Cemetery - Home
Salt Lake City Cemetery Master Plan Process Underway
Help us plan the future of the Cemetery!
Salt Lake City is creating a master plan to guide preservation and stewardship of the Cemetery. Join us at the second public open house on Wednesday, November 16 from 4:30 p.m. to 7:30 p.m. at the Downtown SLC Library to review public feedback gathered so far and to weigh in on preliminary analysis and potential future elements of the Cemetery.
To stay informed about this project, please send an email to email@example.com with the subject line "Cemetery updates."
People with disabilities can request reasonable accommodation with 48 hours advance notice of the public hearing. Accommodations may include alternate formats, interpreters, and other auxiliary aids. Please contact Christine Passey, Coordinator for Disability Rights, firstname.lastname@example.org, 801-535-7110, or TDD 711.
Salt Lake City Cemetery History
The Salt Lake City Cemetery is located between “N” and “U” streets and Fourth Avenue and Wasatch Boulevard and contains approximately 120 acres with 9 ½ miles of roads.
The Cemetery is laid out in Plats. A Plat is an area of land that was developed at the specific time. Plats are divided into lots. A Lot contains ten graves. On the Sexton’s records, each person is recorded in four different areas. There is a location on record for each person buried in the Salt Lake City Cemetery.
The first known burial was September 27, 1847, and was a child named Mary B. Wallace. On February 17, 1849, a council was held and Brigham Young appointed George Wallace, Daniel Wells, and Joseph Heywood to select a place for a Burying Grounds. George Wallace led the group to where he had buried some of his family members. The other men in the group liked the area because it was away from the living area of the Valley but close enough for families to travel in order to pay their respects to their loved ones. These men made their report to Brigham Young. Brigham Young was in favor of their selection and asked them to survey twenty acres for a Burying Ground. George Wallace was asked to keep the records of the people that were buried.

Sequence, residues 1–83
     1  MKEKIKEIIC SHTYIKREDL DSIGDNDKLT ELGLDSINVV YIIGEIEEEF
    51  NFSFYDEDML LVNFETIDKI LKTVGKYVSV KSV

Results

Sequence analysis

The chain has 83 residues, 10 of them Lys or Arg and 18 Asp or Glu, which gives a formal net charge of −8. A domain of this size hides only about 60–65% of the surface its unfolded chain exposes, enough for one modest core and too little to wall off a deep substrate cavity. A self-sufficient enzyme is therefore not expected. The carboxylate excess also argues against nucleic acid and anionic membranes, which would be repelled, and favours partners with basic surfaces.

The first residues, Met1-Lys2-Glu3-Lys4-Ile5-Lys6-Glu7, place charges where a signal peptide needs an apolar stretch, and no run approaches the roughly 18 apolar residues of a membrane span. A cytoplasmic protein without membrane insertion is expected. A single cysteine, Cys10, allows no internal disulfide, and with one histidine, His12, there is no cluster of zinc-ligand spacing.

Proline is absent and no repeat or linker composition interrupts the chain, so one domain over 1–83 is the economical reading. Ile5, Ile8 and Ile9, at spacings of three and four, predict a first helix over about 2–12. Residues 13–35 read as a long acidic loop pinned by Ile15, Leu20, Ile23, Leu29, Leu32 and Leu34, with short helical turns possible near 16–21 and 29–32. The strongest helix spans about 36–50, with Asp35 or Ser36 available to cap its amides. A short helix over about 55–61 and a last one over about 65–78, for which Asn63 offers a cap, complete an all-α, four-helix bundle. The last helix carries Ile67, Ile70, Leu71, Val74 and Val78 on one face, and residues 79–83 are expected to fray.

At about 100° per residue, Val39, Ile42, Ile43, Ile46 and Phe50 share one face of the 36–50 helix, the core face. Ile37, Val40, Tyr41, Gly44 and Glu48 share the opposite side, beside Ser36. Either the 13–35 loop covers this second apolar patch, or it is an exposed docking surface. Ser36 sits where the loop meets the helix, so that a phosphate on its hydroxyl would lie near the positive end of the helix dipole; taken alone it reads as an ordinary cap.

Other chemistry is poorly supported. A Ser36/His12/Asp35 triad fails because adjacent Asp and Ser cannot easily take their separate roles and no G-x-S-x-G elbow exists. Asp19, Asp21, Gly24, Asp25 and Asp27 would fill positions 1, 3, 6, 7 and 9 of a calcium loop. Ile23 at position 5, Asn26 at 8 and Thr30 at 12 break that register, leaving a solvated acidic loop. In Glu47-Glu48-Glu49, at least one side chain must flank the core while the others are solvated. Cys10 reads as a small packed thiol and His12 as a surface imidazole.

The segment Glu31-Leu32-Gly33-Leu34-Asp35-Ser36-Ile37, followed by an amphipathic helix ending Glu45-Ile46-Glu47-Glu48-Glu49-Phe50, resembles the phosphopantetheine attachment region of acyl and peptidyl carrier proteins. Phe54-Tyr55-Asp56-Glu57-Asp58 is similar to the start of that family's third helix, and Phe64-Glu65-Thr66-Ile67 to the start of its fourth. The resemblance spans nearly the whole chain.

In January of 1851, and ordinance was passed by the General Assembly of the State of Deseret for “Incorporating the Great Salt Lake City.” A City Council was organized and the Salt Lake City Cemetery was officially organized. Since George Wallace was keeping the records of the Cemetery, he was made the first official Sexton. A Sexton is the person that takes care of and oversees all the operations of the Cemetery.
In February 1856 Mayor Jedediah M. Grand instructed the Committee on Municipal Laws to create an Ordinance for all people to be buried in a Cemetery, not on private property, without the consent of the Mayor and Committee on Municipal Laws.
In 1900 an irrigation system was placed by piping water from City Creek. This allowed the City Cemetery to start perpetual care. In the beginning perpetual care was only allowed in Park Plat, the newest area of the Cemetery to be developed. In 2014 the entire cemetery was placed on an automatic sprinkler system.
In 1906, perpetual care was extended to the whole cemetery and by 1915 such a growth of trees and shrubs, many of them evergreens, had developed that the hillside was nearly a forest.
As of July 9, 2015 we have over 124,000 people buried here.
There are 130,000 burial sites in the Salt Lake City cemetery and at present we have buried just over 124,000. The cemetery covers 120 acres in the heart of the city. Read about the cemetery's rich history at enjoyutah.org.
Mission Statement of the SLC Cemetery
The mission of the Salt Lake City Cemetery is to serve the families who come to us in a time of need. To watch over and care for these families loved ones who have been interred within our great and historical cemetery. To be a steward for the open space and care for the flora and fauna that lives and grows within our boundaries. We strive to provide service to the family members, friends and strangers who come to find closure, solace and peace within and upon are hallowed grounds. We strive daily to remember” the difference between ordinary and extraordinary is the little extra you do.” We all try to “pick up the stick” making sure to think first of those who work with us side by side and ourselves second.